Ucu second submission to the independent public service pensions commission




Дата канвертавання27.04.2016
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UCU SECOND SUBMISSION TO THE INDEPENDENT PUBLIC SERVICE PENSIONS COMMISSION.

The University and College Union (UCU represents 120,000 academic and academic related staff in universities, general and specialist further education colleges, and post 92 Universities and adult and prison education.

Its members are mainly members of public service pension schemes or public sector pension schemes. Within the scope of this commission its members are in the:

Teachers’ Pension Scheme (England and Wales)

Scottish Teachers’ Superannuation Scheme

Northern Ireland Teachers’ Superannuation Scheme

Medical Research Pension Schemes (funded)

NHS Pension Scheme

NHS Superannuation Scheme (Scotland)

Health and Personal Social Services Northern Ireland Superannuation Scheme


Within the Teachers’ Pension Scheme approximately 15% of the membership is in the post school world.
UCU fully supports the submissions submitted by the TUC, the Teachers’ side of the Teachers Superannuation Working Party (TSWP) and the Public Service Pensioners’ Council (PSPC), but wishes to stress issues particular to the experience of its members.
UCU wishes to make the following points


  1. It is increasingly clear that the work of the Commission is not being left to undertake its work and report independently to government. Shortly after the committee was established the government announced its intention to move the indexation of public sector pension schemes from RPI to CPI. According to your interim report this reduced the value of public service pension benefits by 15%, and yet the report did not take account of this. Following the publication of the interim report the government in the spending review announced its intention to ‘implement progressive changes to the level of employee contributions that lead to an additional saving of £1.8 billion a year by 2014-15, equivalent to three percentage points on average to be phased in from April 2010.’ Whilst the commission did not recommend either of these two actions, failure to comment on the timing and method of the governments action, which appear to be one of imposition will be taken to be one of agreement.

  2. The interference into the commissions work appear to make the task harder in ensuring that public service pensions are available for the low pay workers in the sector. Levels of employee contribution increases of the order of 3% more in Teachers Pension Schemes will simply make the low paid lecturer opt out of the scheme, reversing the positive aspect of automatic enrolment. Increases of this order will also not be affordable for new entrants into the profession who face the repayment of increased university fees, and cost of moving into the housing market. This will reduce the number of members and the provision of saving for retirement among the lower earners and younger members who will not get into the routine of saving for the future due to the present economic situation. The Commission will be aware that with the introduction of automatic membership in January 2007, at least 100,000 extra members came into the scheme. These were largely the hourly paid of the Further, Adult and Higher Education world. Lecturers who until 1995 were not eligible to be members of the Teachers Pension Scheme and who for a short period have been placed in a position of being able to afford to save for their pension.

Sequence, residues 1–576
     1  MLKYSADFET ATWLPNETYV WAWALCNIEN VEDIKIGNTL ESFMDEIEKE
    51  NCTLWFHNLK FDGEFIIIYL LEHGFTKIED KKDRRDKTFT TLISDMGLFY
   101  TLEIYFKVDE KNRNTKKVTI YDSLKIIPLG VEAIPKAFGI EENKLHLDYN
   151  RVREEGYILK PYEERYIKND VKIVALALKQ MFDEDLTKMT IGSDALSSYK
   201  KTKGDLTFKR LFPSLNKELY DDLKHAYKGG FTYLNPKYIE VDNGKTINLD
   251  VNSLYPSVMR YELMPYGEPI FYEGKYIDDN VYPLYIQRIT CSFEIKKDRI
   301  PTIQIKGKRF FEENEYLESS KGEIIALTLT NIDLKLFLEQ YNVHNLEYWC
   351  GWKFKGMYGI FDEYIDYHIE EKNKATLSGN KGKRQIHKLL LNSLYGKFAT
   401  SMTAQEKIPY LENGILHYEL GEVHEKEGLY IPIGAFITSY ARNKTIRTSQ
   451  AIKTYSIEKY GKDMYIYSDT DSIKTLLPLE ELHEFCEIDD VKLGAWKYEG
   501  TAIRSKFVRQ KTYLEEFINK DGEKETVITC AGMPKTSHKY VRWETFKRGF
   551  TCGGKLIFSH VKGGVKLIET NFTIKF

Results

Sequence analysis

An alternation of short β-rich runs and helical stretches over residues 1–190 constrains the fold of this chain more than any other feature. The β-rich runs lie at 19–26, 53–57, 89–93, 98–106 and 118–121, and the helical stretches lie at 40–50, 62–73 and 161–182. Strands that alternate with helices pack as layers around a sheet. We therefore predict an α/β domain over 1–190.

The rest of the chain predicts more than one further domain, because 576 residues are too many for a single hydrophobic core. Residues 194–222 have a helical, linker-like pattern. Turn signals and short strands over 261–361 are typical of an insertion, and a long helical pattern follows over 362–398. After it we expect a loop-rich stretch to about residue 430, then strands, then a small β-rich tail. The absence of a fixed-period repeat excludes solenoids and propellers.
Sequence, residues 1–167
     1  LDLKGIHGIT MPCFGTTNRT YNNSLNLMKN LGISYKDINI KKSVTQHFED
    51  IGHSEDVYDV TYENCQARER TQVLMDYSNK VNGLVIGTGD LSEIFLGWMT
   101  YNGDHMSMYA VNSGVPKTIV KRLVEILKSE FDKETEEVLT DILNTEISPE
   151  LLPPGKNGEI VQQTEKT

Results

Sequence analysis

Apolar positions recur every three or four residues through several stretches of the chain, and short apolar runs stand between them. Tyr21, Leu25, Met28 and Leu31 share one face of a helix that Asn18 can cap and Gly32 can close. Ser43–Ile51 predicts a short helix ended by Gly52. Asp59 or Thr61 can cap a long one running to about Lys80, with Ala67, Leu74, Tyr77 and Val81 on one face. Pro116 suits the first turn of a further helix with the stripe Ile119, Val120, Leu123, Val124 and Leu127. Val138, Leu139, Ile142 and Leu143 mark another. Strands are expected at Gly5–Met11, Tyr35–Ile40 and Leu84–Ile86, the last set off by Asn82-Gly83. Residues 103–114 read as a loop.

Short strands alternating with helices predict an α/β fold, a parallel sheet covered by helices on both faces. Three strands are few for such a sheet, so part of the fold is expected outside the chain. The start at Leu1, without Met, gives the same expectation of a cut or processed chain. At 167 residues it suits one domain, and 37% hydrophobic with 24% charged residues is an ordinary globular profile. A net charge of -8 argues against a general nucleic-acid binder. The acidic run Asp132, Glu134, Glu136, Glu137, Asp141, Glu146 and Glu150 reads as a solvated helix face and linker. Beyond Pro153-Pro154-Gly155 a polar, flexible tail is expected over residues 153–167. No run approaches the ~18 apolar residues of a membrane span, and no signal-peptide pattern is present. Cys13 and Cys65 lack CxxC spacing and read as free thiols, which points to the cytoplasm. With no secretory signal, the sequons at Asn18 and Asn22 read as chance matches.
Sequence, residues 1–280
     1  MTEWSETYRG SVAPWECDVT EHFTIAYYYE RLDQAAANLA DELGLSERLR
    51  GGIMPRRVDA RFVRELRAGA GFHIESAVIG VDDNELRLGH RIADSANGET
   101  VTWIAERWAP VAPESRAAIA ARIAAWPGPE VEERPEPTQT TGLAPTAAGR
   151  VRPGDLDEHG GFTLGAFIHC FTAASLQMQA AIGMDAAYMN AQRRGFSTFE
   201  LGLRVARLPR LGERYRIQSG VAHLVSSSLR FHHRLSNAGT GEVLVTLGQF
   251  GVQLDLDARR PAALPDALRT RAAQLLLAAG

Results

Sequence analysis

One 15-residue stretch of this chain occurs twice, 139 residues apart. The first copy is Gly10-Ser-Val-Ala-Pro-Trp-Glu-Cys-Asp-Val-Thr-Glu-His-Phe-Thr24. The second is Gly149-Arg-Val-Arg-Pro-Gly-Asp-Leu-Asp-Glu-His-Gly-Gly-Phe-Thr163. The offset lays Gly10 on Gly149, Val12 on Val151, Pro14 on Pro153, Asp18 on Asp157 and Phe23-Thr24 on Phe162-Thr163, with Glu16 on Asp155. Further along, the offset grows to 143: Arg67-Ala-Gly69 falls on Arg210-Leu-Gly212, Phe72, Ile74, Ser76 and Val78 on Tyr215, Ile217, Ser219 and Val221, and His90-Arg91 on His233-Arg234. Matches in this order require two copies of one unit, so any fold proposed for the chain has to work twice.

3. UCU members are different from the school world, as many join the education world later in life after working in other areas of society and as a result have shorter service accumulation. In the post school world a lot of the service is reliant on hourly paid work which again reduces the member service accumulation. Therefore the government announcement to move from RPI to CPI with its corresponding reduction of the value of pension in payments, will particularly impact those with lower pensions, and the erosion will bring them into the income support area. This will act as a disincentive to save for retirement.

  4. UCU was disappointed that the commission did not support the cap and share arrangements that have been put in place to support the public service pension schemes managing increases in cost of the individual scheme. These provide the framework for there to be a negotiated way for considering the extent of any contribution increases and change to benefits. UCU calls on the commission to support this route and encourage the government to avoid imposition and enable scheme specific discussion to take place.

  5. UCU was also disappointed that the commission did not appreciate the degree of savings already coming through to the government and the taxpayer via the recent changes. ‘The Impact of the 2007-8 changes to public service pensions (National Audit Office, 2010), estimates that the changes will reduce by 14 per cent in 2059-60 compared to the pre-reform position.

  6. UCU hopes that the commission will support ways in which staff affected by the contracting out of work from the public sector will be able to retain membership of their pension scheme as well as newly appointed staff to this work. Prison education staff, for example, depending on the winner of the contract, are frequently moved in and out of the Teachers Pension Scheme.

This situation could be avoided if TPS was given an ‘admit status’ facility as in the Local Government Pension Scheme. This would appear to be the most sensible route for government which is encouraging mobility and flexibility of services. Private employers would then be contributing toward the cost of providing public sector pension which would have the advantage of maintaining higher active members contributions as well as replacing the public spending on contributions.



Yours sincerely


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